Date of Graduation


Document Type


Degree Name

Master of Science in Biological Engineering (MS)

Degree Level



Biological and Agricultural Engineering


Marty Matlock

Committee Member

Greg Thoma

Second Committee Member

Ebenezer M Kwofie


Corn;Crop Modeling;Environmental Impact;Life Cycle Assessment;Pesticides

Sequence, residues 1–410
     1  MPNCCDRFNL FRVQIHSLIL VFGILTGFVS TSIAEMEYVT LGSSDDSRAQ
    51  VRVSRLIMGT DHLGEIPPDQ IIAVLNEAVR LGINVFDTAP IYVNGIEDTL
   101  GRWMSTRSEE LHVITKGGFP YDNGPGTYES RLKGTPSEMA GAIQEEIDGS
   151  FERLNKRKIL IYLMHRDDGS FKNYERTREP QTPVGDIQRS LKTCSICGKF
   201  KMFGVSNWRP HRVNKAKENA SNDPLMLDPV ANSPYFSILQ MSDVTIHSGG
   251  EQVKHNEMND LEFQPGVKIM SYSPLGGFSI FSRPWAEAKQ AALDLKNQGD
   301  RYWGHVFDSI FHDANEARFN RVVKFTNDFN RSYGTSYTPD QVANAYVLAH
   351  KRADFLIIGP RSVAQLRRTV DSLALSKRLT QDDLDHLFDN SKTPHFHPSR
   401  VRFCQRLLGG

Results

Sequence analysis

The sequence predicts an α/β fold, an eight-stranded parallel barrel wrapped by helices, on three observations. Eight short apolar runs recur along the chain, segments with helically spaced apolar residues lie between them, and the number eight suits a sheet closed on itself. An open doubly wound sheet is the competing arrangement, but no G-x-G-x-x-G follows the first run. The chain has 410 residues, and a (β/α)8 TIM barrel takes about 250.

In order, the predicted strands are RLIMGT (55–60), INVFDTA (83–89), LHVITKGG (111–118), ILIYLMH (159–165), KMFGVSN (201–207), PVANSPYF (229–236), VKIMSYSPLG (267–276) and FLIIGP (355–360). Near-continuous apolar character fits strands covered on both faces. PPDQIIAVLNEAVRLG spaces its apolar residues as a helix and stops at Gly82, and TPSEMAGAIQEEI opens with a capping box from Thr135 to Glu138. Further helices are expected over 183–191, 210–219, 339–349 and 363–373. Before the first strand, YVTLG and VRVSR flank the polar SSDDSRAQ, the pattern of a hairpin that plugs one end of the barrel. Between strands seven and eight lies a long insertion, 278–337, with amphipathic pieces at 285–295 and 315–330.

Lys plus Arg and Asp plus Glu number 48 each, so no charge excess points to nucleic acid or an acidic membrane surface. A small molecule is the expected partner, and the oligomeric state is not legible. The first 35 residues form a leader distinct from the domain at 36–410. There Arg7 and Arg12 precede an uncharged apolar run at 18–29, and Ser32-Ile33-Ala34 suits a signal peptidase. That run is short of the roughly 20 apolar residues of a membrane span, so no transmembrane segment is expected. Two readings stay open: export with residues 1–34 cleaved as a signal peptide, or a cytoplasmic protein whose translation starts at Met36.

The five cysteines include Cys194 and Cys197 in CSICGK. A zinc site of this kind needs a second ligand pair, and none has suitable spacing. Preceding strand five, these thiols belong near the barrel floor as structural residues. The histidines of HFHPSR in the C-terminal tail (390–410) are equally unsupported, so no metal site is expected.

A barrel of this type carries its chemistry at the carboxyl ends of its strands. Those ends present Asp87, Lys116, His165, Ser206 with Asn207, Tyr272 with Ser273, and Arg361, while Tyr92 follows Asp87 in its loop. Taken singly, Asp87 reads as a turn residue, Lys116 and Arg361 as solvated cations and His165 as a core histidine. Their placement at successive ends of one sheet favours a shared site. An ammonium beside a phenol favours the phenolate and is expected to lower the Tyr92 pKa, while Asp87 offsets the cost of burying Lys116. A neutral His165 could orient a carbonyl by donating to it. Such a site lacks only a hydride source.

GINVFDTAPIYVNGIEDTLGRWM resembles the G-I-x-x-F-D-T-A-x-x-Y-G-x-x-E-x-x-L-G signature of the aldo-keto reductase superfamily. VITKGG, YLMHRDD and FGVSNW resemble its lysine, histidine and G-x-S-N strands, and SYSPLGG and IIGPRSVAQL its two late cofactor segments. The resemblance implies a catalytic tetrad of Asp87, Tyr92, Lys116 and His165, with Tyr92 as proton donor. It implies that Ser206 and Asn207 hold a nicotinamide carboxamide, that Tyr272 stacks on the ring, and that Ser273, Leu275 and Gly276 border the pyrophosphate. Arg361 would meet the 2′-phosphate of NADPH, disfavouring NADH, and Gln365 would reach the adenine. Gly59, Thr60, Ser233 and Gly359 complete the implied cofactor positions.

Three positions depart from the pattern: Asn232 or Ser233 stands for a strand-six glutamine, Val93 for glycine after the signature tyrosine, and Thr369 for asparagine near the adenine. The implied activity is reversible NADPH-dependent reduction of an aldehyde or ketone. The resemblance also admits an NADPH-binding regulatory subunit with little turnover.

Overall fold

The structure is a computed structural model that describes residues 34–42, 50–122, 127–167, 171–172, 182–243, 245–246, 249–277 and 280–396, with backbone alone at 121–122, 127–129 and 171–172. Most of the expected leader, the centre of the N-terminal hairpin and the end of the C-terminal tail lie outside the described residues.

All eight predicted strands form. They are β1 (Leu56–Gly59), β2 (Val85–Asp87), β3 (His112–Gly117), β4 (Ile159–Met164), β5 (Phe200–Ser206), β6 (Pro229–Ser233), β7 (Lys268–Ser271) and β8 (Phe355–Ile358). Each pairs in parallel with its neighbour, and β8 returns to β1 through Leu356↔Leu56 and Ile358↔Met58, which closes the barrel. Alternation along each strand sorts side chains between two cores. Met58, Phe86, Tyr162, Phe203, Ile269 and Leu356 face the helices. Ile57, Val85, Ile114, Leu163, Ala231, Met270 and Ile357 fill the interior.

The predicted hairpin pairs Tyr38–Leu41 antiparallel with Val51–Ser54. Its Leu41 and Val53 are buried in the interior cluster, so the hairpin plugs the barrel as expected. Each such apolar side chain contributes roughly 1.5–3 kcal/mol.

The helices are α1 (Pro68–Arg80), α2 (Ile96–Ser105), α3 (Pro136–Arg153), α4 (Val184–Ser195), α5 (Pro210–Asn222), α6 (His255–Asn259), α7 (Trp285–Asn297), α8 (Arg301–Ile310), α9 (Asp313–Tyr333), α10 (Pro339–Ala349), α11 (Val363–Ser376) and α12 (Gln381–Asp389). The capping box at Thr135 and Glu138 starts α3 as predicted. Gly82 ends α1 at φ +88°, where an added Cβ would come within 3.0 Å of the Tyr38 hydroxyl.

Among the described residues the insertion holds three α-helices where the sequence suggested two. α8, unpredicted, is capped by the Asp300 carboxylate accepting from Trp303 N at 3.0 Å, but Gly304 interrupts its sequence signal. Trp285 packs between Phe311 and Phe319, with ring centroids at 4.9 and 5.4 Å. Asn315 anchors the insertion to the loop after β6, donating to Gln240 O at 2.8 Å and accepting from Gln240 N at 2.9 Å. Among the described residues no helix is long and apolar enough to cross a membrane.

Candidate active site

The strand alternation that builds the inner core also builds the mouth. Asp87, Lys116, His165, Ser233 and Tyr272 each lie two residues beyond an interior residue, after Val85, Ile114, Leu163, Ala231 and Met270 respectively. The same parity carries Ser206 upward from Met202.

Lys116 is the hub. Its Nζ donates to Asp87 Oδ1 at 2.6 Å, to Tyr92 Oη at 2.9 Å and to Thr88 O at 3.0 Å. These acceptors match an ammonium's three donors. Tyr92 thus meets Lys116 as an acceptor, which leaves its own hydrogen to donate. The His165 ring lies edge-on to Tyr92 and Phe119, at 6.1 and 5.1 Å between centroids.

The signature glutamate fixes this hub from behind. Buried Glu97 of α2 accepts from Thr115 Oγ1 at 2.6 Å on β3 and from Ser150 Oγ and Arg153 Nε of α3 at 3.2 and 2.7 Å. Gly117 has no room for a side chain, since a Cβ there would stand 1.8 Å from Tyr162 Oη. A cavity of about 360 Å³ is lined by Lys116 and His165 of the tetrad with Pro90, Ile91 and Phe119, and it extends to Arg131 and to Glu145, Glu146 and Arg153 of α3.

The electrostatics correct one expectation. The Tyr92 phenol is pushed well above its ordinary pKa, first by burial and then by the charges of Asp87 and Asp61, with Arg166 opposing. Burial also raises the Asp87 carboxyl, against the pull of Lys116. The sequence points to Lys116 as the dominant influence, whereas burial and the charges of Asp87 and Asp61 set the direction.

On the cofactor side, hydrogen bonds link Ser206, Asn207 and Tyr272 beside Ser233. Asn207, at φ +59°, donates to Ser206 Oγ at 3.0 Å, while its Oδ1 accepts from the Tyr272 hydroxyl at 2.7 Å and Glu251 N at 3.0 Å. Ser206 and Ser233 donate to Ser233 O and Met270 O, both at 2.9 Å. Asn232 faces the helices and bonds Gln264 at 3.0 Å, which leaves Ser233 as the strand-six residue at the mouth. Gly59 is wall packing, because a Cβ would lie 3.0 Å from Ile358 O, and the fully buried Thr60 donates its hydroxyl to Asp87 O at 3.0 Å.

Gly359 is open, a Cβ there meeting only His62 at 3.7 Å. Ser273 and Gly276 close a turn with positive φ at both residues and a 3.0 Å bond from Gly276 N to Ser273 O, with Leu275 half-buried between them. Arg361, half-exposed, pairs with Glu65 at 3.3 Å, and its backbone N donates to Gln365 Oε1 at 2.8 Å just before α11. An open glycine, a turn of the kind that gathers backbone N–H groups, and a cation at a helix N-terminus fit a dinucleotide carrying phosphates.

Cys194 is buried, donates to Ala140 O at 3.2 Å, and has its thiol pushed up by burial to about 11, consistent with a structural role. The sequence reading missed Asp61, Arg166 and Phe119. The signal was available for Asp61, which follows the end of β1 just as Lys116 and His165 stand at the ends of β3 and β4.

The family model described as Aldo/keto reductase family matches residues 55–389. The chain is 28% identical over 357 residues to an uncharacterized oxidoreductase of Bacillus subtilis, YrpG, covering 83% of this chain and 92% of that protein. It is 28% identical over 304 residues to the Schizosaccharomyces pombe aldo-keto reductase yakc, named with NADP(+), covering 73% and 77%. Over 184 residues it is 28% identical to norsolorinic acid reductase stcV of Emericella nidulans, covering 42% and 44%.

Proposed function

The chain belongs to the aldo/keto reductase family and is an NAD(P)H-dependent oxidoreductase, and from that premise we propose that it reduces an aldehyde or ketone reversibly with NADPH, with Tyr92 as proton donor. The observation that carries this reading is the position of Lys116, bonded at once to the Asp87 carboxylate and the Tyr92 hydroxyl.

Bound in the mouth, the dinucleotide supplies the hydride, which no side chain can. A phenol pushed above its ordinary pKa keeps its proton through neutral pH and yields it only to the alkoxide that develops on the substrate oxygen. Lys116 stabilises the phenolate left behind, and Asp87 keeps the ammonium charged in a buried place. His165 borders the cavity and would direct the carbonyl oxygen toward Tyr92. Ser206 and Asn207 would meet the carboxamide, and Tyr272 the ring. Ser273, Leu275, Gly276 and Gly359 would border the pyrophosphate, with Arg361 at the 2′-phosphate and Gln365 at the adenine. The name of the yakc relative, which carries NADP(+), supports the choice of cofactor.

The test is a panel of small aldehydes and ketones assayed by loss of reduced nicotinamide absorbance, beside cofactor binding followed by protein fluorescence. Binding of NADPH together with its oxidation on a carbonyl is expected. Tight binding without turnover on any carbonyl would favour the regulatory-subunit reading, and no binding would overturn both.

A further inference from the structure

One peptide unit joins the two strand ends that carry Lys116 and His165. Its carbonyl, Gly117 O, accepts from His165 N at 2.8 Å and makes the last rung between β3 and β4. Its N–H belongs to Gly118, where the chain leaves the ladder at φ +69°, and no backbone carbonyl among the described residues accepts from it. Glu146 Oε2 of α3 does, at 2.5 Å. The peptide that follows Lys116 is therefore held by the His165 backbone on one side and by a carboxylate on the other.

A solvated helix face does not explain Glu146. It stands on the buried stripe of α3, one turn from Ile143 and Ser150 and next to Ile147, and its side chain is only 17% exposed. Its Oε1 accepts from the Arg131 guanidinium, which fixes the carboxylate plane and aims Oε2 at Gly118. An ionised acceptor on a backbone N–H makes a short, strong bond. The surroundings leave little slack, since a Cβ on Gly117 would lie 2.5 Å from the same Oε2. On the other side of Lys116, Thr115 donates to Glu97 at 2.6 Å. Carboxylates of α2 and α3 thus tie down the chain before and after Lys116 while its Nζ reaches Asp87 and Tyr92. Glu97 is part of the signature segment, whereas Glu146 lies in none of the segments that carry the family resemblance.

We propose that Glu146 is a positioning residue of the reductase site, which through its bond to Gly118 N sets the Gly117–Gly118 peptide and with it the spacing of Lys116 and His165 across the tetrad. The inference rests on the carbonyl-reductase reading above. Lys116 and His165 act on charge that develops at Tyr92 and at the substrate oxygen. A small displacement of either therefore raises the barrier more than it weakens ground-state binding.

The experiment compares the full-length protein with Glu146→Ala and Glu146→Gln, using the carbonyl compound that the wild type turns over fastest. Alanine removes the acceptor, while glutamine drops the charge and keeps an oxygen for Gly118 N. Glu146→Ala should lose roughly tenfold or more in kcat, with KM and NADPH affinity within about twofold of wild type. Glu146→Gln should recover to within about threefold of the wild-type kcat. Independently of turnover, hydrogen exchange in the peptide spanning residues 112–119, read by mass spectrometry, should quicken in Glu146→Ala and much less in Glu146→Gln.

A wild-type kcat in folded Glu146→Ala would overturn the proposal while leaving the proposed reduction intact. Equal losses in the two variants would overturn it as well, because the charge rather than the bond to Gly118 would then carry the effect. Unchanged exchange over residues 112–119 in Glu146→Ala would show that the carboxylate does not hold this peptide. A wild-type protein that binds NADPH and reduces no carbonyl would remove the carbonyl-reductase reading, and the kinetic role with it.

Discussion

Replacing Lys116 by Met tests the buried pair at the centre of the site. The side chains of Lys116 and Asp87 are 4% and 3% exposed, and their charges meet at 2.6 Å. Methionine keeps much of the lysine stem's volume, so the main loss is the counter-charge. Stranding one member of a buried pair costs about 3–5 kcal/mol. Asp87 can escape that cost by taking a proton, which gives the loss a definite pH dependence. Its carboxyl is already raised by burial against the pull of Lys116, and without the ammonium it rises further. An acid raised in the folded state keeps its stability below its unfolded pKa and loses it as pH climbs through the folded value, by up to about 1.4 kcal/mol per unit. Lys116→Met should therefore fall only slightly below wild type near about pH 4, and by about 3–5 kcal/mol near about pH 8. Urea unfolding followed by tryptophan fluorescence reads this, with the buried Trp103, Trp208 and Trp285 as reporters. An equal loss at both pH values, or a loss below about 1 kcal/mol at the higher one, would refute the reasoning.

In recent years there has been increasing interest in reducing agricultural environmental footprints in the United States, particularly for commodity crops like corn grain. Pest management is one aspect of agricultural production that is often identified as having potential for improvement with regard to environmental impact, but there is not a robust body of literature to identify the wide-scale influence of pesticides on yield and environmental impact. In this study, we hypothesized that the use of different classifications of pesticides has a significant impact on the overall environmental impact. To test this, agricultural models were created to represent the dominant corn production practices across the US to test how much the usage of pesticides, and the changes in field operations that they enable, impact the overall environmental impact of corn production for the US as a whole. Treatment scenarios were devised to represent corn production without chemical controls for pests: one for simulating mechanical control of weeds without herbicides, and two for simulating crop production impacts of insect and disease without the use of insecticides and fungicides, respectively. The field data produced by the models was combined with pesticide and yield data from the Federal LCA Commons and the National Agricultural Statistics Service to create life cycle inventories of each model for each scenario. These inventories were then analyzed in the SimaPro life cycle assessment using the Impact World+ to assess the environmental impact values across a number of mid- and Mid-point environmental impact categories. The results were assessed for significant differences using either an ANOVA and Tukey test or a Kruskall-Wallis and Dunn test, depending on whether the impact data was normally distributed or not. Our analysis revealed that there was a significant difference between the baseline scenario and at least one of the treatment scenarios for every environmental impact category. The NoWeedCont and NoInsectCont scenarios had significantly higher mean impact values for every impact category. The NoDiseaseCont scenario mean impact values were significantly higher than the baseline scenario for eight impact categories and not significantly different for most of the others. The only instance of a treatment scenario having a significantly lower mean impact value was for the ozone layer depletion impact category in which the NoDiseaseCont scenario had a significantly lower mean impact value. The primary driver behind the difference for many of the impact categories was the yield penalty imposed due to not using chemical controls for pest pressure and the difference in operations between the treatment scenarios and the baseline. Our analysis suggests that removing pesticides from the corn production process without taking other steps to mitigate yield loss due to pests is not a viable strategy to reduce the environmental impact of US corn production. There are a multitude of avenues for further inquiry on the interplay between pest management and environmental impact, and this study provides a baseline of environmental impacts for the dominant corn production practices within the US that can be used in future research.